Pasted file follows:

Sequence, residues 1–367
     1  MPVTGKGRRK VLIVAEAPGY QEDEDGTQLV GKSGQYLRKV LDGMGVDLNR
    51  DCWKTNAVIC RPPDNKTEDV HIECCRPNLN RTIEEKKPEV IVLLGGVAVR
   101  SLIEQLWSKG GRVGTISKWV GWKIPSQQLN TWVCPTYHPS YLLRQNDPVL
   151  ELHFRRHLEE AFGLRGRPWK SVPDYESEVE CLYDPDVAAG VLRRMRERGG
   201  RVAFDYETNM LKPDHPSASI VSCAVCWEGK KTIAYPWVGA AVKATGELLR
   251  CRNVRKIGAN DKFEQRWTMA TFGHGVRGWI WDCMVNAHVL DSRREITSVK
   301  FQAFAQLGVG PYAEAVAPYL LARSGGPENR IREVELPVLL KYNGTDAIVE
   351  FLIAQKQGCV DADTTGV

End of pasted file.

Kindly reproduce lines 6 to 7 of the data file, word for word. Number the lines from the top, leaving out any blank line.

   201  RVAFDYETNM LKPDHPSASI VSCAVCWEGK KTIAYPWVGA AVKATGELLR
   251  CRNVRKIGAN DKFEQRWTMA TFGHGVRGWI WDCMVNAHVL DSRREITSVK